Results for 'arrow of time'

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  1. Reversing the arrow of time.Bryan W. Roberts - 2022 - Cambridge: Cambridge University Press.
    'The arrow of time' refers to the curious asymmetry that distinguishes the future from the past. Reversing the Arrow of Time argues that there is an intimate link between the symmetries of 'time itself' and time reversal symmetry in physical theories, which has wide-ranging implications for both physics and its philosophy. This link helps to clarify how we can learn about the symmetries of our world, how to understand the relationship between symmetries and what (...)
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  2. The Arrow of Time.Bradley H. Dowden - 2024 - Internet Encyclopedia of Philosophy.
    Many philosophers and scientists have claimed that time has an arrow that points in a special direction. The Roman poet Ovid may have referred to this one-way property of time when he said, “Time itself glides on with constant motion, ever as a flowing river.” However, understanding this arrow is not … Continue reading The Arrow of Time →.
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  3. The Decoherent Arrow of Time and the Entanglement Past Hypothesis.Jim Al-Khalili & Eddy Keming Chen - 2024 - Foundations of Physics 54 (4):1-17.
    If an asymmetry in time does not arise from the fundamental dynamical laws of physics, it may be found in special boundary conditions. The argument normally goes that since thermodynamic entropy in the past is lower than in the future according to the Second Law of Thermodynamics, then tracing this back to the time around the Big Bang means the universe must have started off in a state of very low thermodynamic entropy: the Thermodynamic Past Hypothesis. In this (...)
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  4. Gnoseology, Ontology, and the Arrow of Time.J. J. Sanguineti & M. Castagnino - 1998 - Acta Philosophica 7 (2):235-265.
    This paper studies the problem of the arrow of time from the scientific and philosophical perspective. The scientific section (Castagnino) poses the topic according to the instruments of measuring employed in physical theories, specially when they are applied to dynamic chaotic systems in which a temporal asymmetry is shown. From the analysis of “two schools” (epistemological and ontological), the conclusion is favorable to the reality (both ontological and epistemological) of the difference between past and future, with the recourse (...)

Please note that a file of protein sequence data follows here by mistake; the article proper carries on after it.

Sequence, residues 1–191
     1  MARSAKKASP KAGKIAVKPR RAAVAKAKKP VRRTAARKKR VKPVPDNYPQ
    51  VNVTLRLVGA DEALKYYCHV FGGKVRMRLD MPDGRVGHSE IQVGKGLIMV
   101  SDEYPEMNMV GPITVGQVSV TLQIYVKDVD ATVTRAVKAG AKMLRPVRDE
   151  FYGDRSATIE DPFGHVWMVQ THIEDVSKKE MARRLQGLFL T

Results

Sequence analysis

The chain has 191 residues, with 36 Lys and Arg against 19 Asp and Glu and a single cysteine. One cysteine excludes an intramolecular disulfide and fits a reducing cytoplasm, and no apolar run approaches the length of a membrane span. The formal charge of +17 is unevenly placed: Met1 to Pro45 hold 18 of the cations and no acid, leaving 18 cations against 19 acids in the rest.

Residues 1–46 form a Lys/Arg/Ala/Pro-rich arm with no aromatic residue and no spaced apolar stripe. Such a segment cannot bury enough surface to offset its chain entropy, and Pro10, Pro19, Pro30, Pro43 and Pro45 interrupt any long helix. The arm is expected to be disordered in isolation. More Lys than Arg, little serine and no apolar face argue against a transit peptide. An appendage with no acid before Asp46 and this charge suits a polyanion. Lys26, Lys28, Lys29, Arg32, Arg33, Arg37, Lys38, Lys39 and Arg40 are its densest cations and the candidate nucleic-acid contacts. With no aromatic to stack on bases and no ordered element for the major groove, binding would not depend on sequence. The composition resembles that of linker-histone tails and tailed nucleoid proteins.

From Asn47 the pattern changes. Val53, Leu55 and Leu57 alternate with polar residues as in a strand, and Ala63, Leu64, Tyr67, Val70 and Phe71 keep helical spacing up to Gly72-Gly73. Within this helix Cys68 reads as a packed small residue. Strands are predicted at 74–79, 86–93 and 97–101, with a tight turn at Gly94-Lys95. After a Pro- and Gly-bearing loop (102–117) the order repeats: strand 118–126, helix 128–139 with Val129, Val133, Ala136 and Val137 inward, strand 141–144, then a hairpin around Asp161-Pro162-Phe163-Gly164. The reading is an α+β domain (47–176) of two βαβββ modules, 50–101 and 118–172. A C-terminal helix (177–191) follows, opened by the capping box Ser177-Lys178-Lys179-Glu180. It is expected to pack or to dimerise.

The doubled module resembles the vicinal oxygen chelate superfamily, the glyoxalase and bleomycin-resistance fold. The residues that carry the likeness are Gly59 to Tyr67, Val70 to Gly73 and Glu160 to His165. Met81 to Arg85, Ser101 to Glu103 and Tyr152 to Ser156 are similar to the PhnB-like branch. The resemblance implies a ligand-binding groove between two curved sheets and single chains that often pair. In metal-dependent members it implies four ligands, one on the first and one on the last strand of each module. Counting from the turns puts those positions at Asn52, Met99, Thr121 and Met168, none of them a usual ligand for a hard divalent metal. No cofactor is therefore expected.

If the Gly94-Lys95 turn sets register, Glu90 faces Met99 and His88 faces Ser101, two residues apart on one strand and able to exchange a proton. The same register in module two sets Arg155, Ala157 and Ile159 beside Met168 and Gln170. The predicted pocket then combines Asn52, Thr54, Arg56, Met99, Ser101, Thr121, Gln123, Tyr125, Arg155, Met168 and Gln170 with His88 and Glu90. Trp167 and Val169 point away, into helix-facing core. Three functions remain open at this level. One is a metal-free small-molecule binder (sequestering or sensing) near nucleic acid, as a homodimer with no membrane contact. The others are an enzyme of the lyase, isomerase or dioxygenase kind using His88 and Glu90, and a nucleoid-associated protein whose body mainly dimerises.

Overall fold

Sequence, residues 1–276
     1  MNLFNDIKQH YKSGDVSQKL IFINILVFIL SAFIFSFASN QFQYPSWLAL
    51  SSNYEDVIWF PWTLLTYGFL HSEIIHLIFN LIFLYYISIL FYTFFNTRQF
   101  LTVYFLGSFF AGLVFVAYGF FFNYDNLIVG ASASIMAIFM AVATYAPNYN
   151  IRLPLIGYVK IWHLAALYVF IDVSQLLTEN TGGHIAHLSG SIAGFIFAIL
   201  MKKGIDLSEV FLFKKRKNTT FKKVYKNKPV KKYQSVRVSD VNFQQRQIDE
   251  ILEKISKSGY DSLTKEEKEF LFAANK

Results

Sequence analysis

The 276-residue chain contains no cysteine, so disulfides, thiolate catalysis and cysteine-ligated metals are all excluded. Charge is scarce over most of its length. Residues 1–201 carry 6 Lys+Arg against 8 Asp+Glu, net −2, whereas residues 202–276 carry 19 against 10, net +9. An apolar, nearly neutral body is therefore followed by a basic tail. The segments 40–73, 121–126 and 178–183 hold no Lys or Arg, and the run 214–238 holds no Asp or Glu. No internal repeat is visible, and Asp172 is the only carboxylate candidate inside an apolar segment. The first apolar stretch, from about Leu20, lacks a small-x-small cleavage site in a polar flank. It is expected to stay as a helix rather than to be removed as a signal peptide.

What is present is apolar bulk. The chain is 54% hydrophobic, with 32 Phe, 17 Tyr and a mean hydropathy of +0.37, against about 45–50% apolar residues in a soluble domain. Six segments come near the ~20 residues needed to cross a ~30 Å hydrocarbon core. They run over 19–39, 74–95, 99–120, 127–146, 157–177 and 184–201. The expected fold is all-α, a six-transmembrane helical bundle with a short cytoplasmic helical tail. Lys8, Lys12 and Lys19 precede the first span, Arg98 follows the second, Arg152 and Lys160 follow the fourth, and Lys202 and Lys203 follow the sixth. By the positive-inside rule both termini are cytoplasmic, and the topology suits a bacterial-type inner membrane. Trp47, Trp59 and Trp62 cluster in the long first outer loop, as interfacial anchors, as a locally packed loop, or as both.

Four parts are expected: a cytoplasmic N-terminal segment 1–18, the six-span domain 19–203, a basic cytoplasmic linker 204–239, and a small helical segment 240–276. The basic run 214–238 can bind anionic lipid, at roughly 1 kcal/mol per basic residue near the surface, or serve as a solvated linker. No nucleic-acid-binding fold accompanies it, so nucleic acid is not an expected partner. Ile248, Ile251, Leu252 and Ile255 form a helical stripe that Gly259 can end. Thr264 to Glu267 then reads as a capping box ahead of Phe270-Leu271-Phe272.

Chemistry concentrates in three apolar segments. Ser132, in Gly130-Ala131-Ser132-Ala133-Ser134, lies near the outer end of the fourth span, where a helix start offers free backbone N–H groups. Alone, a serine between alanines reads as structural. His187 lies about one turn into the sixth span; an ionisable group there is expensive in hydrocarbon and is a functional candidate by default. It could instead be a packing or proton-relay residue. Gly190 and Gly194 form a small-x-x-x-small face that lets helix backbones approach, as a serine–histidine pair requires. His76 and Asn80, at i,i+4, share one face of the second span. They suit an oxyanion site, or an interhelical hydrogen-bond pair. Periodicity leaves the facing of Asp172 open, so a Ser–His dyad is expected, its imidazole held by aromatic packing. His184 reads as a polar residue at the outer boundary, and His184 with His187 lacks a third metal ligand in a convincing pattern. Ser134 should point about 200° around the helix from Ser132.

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  5. The Universal Arrow of Time.Oleg Kupervasser, Hrvoje Nikolić & Vinko Zlatić - 2012 - Foundations of Physics 42 (9):1165-1185.
    Statistical physics cannot explain why a thermodynamic arrow of time exists, unless one postulates very special and unnatural initial conditions. Yet, we argue that statistical physics can explain why the thermodynamic arrow of time is universal, i.e., why the arrow points in the same direction everywhere. Namely, if two subsystems have opposite arrow-directions at a particular time, the interaction between them makes the configuration statistically unstable and causes a decay towards a system with (...)
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  6. The Arrow of Time.Ted Dace - 2018 - Cosmos and History 14 (3):321-333.
    The foundation of irreversible, probabilistic time -- the classical time of conscious observation -- is the reversible and deterministic time of the quantum wave function. The tendency in physics is to regard time in the abstract, a mere parameter devoid of inherent direction, implying that a concept of real time begins with irreversibility. In reality time has no need for irreversibility, and every invocation of time implies becoming or flow. Neither symmetry under (...) reversal, of which Newton was well aware, nor the absence of an absolute parameter, as in relativity, negates temporal passage. Far from encapsulating time, irreversibility is a secondary property dependent on the emergence of distinct moments from the ceaseless presence charted by the wave function. (shrink)